It might sound silly or even elementary, but there are still far too many companies (particularly in the health industry) that are not leveraged in these ways and thus cannot deploy these digital tactics and strategies to find the top talent they need.

Look at the analytics for the candidate information or application webpage on your company's website. I'll make a fairly hefty wager that most traffic comes from a mobile device – a tablet, a smartphone, or a hybrid laptop/tablet. Recruiters know that numbers don't lie, and data tells the story. Making sure you're ready for email and mobile to take center stage will ensure you're not playing from behind.

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6. Social media push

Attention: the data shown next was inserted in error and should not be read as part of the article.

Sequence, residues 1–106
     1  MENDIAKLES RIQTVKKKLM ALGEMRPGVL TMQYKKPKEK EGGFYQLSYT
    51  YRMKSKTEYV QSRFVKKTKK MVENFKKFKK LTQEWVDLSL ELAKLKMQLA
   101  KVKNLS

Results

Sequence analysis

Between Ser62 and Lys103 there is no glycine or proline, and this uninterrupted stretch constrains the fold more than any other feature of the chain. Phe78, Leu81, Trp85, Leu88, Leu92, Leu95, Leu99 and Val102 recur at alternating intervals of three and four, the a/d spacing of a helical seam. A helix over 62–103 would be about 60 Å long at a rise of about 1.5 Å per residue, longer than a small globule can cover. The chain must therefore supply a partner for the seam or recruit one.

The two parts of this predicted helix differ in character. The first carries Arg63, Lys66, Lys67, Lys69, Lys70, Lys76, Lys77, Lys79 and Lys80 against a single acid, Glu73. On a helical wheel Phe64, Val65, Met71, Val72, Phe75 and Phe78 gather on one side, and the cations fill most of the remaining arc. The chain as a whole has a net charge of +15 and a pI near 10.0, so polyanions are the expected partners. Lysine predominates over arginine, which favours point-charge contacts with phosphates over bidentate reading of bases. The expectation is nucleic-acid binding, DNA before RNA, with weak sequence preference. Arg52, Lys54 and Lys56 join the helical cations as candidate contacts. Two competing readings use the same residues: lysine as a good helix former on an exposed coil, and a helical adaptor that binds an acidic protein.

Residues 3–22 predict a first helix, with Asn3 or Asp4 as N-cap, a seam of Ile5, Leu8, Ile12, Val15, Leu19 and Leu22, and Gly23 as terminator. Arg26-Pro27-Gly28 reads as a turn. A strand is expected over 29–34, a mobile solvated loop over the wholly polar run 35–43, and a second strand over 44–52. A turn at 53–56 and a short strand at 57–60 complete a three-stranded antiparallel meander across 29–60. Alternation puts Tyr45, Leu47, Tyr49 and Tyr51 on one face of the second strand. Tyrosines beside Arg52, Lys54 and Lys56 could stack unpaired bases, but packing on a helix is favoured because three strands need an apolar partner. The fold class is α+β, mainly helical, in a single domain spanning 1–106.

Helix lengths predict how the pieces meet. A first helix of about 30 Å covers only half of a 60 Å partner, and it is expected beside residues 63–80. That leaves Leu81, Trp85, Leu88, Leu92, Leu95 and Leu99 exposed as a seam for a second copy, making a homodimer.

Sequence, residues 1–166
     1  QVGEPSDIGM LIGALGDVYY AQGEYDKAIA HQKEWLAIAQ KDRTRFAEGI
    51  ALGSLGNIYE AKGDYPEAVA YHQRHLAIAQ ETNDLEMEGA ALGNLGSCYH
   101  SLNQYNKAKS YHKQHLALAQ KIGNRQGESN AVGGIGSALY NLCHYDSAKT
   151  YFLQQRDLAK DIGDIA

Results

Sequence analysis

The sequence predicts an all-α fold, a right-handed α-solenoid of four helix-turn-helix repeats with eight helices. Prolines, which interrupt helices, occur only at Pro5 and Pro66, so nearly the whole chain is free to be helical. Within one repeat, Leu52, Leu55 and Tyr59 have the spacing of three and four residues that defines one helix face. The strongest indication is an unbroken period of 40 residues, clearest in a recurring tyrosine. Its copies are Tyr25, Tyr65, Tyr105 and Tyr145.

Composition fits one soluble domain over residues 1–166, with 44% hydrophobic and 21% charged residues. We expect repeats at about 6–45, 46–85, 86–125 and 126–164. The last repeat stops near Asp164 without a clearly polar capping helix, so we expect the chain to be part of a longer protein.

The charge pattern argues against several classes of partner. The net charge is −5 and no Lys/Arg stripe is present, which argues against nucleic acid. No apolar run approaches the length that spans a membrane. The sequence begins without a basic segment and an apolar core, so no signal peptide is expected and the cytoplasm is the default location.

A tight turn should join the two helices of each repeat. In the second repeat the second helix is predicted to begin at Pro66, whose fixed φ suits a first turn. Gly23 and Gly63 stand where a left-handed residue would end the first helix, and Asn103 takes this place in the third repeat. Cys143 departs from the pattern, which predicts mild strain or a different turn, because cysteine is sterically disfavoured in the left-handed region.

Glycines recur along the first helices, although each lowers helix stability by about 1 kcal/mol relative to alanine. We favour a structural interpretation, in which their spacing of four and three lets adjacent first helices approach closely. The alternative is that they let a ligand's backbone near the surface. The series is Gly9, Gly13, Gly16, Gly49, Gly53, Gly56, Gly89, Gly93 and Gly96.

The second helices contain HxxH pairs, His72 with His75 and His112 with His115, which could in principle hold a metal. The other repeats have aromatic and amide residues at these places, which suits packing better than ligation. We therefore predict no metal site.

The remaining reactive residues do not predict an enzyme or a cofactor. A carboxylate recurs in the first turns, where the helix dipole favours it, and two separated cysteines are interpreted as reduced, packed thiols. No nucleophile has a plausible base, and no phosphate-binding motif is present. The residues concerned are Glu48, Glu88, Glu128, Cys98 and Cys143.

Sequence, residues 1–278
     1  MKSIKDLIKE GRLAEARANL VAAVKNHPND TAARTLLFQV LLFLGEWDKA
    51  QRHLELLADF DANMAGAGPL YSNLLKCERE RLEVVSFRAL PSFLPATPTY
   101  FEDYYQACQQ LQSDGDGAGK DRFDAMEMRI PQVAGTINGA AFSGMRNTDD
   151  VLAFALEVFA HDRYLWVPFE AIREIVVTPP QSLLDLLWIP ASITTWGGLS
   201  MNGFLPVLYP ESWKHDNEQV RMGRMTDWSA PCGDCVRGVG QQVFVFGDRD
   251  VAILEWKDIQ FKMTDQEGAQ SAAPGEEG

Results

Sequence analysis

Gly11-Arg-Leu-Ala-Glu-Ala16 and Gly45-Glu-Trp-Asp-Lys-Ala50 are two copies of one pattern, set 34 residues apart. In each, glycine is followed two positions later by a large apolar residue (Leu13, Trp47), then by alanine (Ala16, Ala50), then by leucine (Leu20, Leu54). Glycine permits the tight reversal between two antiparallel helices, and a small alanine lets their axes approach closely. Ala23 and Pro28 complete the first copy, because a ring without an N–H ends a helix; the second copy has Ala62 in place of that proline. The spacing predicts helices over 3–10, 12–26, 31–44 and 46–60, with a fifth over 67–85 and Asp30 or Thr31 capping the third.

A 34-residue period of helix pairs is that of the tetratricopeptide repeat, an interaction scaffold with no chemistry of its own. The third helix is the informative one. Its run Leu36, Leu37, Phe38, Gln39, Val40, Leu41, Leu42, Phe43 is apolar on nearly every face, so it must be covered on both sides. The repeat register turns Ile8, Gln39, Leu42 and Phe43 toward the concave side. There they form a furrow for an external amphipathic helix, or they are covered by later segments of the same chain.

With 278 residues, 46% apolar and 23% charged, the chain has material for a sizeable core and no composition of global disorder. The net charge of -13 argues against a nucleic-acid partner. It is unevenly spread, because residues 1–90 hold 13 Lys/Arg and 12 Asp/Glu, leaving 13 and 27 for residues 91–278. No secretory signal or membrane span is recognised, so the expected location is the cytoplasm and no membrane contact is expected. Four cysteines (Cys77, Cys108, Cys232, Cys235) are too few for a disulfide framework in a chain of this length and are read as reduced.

Social media will remain a significant element of employer branding and recruitment marketing not only this year but most likely for the near, mid, and long-term future. But what's perhaps less obvious is that recruiters will (and quickly) have to reinvent themselves within a social media hiring environment if they hope to keep pace with the recruitment trends and remain engaged and plugged in with what today's talent pool is looking for in terms of candidate experience.

Gone are the days when a company's marketing department would take the tiller in terms of helping to amplify the message that recruitment is taking place or that employer branding is being executed. Now, talent acquisition specialists and recruitment teams will have increasingly worn the marketing hat themselves. Social media provides a fairly familiar, easy-to-master, and low-investment platform for recruiters to engage, source, and hopefully convert candidates into hires.


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7. Personalization